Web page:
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Old July 3 2009, 06:26 AM   #98
Cary L. Brown
Rear Admiral
Location: Austin, Texas
Re: WIP - TMP Enterprise, deck by deck

Saquist wrote: View Post
CTM wrote: View Post
Saquist wrote: View Post
How big is this file sofar?
Just over 98MB
That's massive.
My Enigma Surface Model Design is 7.6 MB. I thought that was large.

The Solid Model of the ship is going slow is at 2 MB an that's only 90% of one Nacelle.
Well, the more complex you allow your forms to be, and the more detail you incorporate, the more demanding on a system the dataset becomes.

For comparison, the file for the secondary hull of my "enterprise" (that is, everything "south of the dorsal dividing line, including nacelles) is currently in a Pro/ENGINEER file which is 274,664 KB. And my primary hull is 261,882 KB. Basically, the model I've got now would take up nearly an entire CD. (That's the DISADVANTAGE of CAD, of the sort I use... it's tremendously more accurate but it's not exactly "efficient" in file-size terms). And it's not remotely "done" yet...

Every time I load mine, it regenerates the file... which is, for all practical purposes, a text-based programming language file. The end result is geometry, but the model itself is something else entirely.

Now, for AutoCAD, it's really designed as a 2D program, with a few (fairly limited) 3D "extensions" in the mix. Basically, what CTM here is doing is creating 2D shapes and attaching them, not creating "solids" per-se. That's why it's difficult (using AutoCAD) to do stuff like the shape of the dorsal.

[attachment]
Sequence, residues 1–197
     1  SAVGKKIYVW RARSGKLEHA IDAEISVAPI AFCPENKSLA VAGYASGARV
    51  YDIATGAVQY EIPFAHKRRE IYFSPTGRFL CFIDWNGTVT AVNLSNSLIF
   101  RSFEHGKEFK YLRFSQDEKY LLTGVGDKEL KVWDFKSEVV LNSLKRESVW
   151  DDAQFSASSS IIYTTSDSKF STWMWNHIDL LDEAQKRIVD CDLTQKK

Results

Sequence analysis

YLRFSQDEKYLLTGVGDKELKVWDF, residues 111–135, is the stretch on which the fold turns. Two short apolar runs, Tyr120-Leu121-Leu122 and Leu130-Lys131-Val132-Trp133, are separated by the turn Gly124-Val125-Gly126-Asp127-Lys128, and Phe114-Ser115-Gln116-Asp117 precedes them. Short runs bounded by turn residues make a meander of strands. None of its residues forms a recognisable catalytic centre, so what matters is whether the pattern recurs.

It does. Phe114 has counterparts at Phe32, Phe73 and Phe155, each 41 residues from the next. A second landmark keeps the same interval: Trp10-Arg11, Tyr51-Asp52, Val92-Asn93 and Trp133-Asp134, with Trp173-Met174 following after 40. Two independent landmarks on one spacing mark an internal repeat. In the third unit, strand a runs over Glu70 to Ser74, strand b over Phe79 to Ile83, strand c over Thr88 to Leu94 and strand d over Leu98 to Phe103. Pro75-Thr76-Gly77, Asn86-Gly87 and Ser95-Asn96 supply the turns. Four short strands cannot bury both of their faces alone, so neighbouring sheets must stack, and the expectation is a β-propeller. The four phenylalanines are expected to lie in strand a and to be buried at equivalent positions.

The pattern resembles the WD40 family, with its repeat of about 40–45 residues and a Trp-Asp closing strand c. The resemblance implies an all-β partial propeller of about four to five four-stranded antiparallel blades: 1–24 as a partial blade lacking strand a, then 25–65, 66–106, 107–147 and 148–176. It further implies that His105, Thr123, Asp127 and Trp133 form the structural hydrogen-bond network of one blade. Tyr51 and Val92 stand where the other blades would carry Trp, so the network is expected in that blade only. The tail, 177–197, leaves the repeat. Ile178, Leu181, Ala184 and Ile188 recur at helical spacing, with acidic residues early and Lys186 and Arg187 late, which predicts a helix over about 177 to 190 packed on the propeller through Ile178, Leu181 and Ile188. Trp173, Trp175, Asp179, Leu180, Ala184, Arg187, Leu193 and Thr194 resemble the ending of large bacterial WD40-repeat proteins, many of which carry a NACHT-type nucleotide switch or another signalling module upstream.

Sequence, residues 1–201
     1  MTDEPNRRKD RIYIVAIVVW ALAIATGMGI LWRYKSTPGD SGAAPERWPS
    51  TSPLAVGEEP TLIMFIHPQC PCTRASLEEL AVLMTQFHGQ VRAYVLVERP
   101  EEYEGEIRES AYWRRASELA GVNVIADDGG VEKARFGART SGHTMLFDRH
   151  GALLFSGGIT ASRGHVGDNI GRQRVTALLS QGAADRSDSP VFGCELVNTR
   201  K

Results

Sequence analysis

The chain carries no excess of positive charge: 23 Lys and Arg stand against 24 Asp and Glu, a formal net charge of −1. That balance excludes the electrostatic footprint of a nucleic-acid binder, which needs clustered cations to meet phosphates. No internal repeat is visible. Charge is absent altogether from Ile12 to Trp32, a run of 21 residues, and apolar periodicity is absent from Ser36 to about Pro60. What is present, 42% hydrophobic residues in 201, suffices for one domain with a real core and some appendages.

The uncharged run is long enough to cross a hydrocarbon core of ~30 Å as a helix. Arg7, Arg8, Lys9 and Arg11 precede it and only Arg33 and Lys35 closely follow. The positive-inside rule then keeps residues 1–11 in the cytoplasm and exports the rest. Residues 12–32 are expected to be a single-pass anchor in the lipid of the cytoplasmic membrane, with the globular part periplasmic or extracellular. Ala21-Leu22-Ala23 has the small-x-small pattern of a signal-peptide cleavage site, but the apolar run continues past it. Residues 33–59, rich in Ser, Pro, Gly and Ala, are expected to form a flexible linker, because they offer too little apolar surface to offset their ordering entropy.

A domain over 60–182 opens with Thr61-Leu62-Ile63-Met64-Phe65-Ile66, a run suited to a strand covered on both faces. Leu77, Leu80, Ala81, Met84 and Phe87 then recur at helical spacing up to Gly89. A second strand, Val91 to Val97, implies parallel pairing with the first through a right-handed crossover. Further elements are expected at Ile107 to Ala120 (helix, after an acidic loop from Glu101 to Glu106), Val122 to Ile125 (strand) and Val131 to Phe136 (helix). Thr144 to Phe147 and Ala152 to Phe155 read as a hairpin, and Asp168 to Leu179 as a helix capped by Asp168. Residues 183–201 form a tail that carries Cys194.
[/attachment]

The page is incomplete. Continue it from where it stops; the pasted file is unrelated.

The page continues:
Doing basic modeling, of the sort you might do with Lightwave or Maya or 3DSMax of Rhino or Blender or whatever, is quite a bit simpler on the surface... you're either creating simple polygons, or a fairly limited set of NURBS patches, really. Polygons are VERY simple (three sets of three dimensions, plus a "normal," for each polygon or each vertex). NURBS patches are more complex (three or four 3D bezier splines, plus tangency controls along at each "isoparm" point on each spline) but still a lot simpler than "real geometry" of the sort that high-end CAD packages do.

What CTM is doing here would be child's play (from a toolkit perspective) with a more modern piece of software and more modern hardware. Of course, that doesn't belittle his work at all, since (like with EVERY tool) the result is more a matter of the thought that goes into it. You can't just "hit the button and have it appear" (no matter how often TNG-era Trek told us so!)

I know about the limitations of budget... but considering what CTM's accomplished with this particular set of "stone knives and bear skins," I'd love to see what he could do with something a bit more capable!
I have so many equestions CTM. I know your time is partitioned but how did you make these curvatures. CAD is so restrictive. I've only just figured out the Loft Command which stranglely enough makes these cross-sections much easier.
I'm pretty sure that AutoCAD, and in particular these early revs, didn't have any "surface" tools like loft or birail sweep or anything like that. Am I mistaken?

Those tools are tremendously powerful for certain things... I recently upgraded my personal license of Pro/E just so I could incorporate an additional module which gives me those capabilities (something not included in the base package). I know that you have something similar in AutoDesk Inventor, and of course both Maya and 3DSMax have it, but AutoCAD? I'd be pretty surprised. AutoDesk doesn't target AutoCAD at that market.
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